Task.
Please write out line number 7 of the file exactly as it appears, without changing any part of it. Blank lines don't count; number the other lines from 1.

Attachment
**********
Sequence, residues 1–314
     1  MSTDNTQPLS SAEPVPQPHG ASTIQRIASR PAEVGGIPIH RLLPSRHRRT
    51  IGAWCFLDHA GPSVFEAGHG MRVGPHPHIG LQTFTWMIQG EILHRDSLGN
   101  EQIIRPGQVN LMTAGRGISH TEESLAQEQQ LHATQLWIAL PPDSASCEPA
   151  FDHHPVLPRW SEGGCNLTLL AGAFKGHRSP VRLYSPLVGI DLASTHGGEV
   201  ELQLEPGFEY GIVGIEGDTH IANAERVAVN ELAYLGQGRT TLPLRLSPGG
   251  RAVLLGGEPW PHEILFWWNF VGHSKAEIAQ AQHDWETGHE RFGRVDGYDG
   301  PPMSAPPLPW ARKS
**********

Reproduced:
   251  RAVLLGGEPW PHEILFWWNF VGHSKAEIAQ AQHDWETGHE RFGRVDGYDG